The Veronica Rudge Green Prize in Urban Design recognizes exemplary urban design projects that demonstrate a humane and worthwhile direction for the design of urban environments.
2017 Prize: The High Line
The 13th Veronica Rudge Green Prize in Urban Design has been awarded to the High Line in New York, designed collaboratively by James Corner Field Operations, Diller Scofidio + Renfro, and Piet Oudolf. The prize committee has elected to allot the monetary prize associated with the award to Friends of the High Line, in recognition of the organization’s originating efforts and continued stewardship behind the project.
About The Prize
Awarded biennially, the Veronica Rudge Green Prize in Urban Design is the foremost award recognizing achievement in this field. Established in 1986 on the occasion of Harvard University’s 350th anniversary and the 50th anniversary of the Harvard Graduate School of Design, the prize recognizes exemplary urban design projects realized anywhere in the world in the past 10 years. Nominations for the prize are received from the GSD’s extensive network of academics and urban design professionals. Projects must be more than one building or an open space, and are evaluated in terms of their contributions to the public realm and to quality of urban life.
— Peter G. Rowe,
Raymond Garbe Professor of Architecture and Urban Design and Harvard University Distinguished Service Professor
The 12th Veronica Rudge Green Prize in Urban Design as been awarded to Madrid Río, a new linear park in Madrid designed by a team led by Ginés Garrido of Burgos & Garrido, including Porras & La Casta, Rubio & Álvarez-Sala, and West 8.
Porto & Medellín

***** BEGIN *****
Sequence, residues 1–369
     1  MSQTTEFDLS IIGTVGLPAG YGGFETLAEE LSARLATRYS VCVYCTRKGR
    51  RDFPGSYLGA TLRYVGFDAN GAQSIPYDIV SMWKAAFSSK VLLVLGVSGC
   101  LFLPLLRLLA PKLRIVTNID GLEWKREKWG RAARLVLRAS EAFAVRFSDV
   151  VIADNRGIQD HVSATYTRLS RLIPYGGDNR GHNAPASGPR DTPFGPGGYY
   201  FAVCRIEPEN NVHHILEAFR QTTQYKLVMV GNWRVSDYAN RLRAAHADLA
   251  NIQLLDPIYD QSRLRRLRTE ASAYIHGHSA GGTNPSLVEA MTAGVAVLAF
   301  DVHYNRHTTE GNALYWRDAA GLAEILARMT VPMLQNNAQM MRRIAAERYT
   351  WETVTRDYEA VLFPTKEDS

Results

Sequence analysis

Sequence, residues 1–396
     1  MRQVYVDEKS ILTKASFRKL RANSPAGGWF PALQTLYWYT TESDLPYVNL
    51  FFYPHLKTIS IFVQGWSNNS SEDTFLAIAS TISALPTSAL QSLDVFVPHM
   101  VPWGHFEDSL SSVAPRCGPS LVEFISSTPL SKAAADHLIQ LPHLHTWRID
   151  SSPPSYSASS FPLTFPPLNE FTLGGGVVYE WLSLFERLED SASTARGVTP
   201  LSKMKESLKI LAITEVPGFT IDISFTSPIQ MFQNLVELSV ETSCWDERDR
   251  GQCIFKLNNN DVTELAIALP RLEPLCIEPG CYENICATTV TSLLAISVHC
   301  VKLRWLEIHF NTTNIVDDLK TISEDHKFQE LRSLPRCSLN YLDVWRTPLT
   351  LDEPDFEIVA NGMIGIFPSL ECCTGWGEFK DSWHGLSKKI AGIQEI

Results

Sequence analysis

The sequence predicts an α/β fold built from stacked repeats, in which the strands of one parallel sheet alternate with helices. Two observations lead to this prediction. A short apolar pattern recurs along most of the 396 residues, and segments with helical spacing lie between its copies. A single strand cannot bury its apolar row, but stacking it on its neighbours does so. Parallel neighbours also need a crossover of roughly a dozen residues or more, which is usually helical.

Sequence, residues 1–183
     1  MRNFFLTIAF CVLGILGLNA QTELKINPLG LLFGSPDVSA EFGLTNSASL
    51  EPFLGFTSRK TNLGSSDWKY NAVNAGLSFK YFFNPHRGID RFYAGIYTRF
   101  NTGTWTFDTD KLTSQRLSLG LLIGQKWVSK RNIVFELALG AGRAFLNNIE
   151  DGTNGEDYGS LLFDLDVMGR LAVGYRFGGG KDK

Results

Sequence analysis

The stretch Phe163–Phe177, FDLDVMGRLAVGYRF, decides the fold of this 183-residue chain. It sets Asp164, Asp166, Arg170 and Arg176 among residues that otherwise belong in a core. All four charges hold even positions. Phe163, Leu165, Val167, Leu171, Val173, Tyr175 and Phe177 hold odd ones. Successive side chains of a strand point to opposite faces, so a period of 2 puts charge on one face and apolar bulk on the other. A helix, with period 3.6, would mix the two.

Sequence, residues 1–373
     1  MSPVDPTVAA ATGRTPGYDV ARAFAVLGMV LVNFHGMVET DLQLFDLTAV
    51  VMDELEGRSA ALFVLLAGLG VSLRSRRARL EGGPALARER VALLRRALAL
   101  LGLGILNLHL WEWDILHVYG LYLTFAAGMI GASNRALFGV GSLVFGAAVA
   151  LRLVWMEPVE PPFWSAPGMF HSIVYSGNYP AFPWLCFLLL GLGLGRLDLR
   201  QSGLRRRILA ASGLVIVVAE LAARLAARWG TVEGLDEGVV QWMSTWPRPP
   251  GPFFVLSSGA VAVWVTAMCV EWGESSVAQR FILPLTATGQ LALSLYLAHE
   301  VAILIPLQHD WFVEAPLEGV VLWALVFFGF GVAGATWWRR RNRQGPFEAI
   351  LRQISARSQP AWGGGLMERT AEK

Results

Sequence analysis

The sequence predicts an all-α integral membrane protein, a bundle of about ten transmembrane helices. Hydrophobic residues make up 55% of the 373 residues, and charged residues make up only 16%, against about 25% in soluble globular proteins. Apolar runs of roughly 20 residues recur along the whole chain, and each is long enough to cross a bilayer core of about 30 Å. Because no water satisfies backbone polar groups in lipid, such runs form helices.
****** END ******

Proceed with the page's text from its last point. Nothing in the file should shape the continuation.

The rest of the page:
The 11th Veronica Rudge Green Prize in Urban Design honors two projects that demonstrate the potential for the planning and execution of mobility infrastructure to transform a city and its region through carefully articulated design interventions. Established in 1986, the biennial Green Prize recognizes projects that make an exemplary contribution to the public realm of a city, improve the quality of life in that context, and demonstrate a humane and worthwhile direction for the design of urban environments.
Cheonggyecheon Restoration Project
The restoration of the Cheonggyecheon River that runs through Seoul, Korea, merits recognition as a seminal project in contemporary urban design.
Olympic Sculpture Park
Envisioned as a new urban model for sculpture parks, the Seattle Art Museum’s Olympic Sculpture Park by Weiss/Manfredi not only brings art outside the museum walls but also brings the park into the landscape of the city. This study offers an opportunity to take a fresh look at the city and explore some hypotheses about the wider meaning of an urban design project.
Rehabilitation of the Old City of Aleppo
The Syrian city of Aleppo won the Veronica Rudge Green Prize in Urban Design for its urban renewal efforts and Busquets offers an innovative take on how these rehabilitation projects are accomplished effectively.
Borneo Sporenburg Residential Waterfront
The 7th Veronica Rudge Green Prize in Urban Design recognized tje residential waterfront in Borneo Sporenburg, Amsterdam by Adriaan Geuze, West 8 urban design & landscape architecture.
The Favela-Bairro Project, featuring the work of Jorge Mario Jáuregui Architects, seeks to turn the blighted areas of Rio de Janeiro's favelas into functioning neighborhoods, or bairros.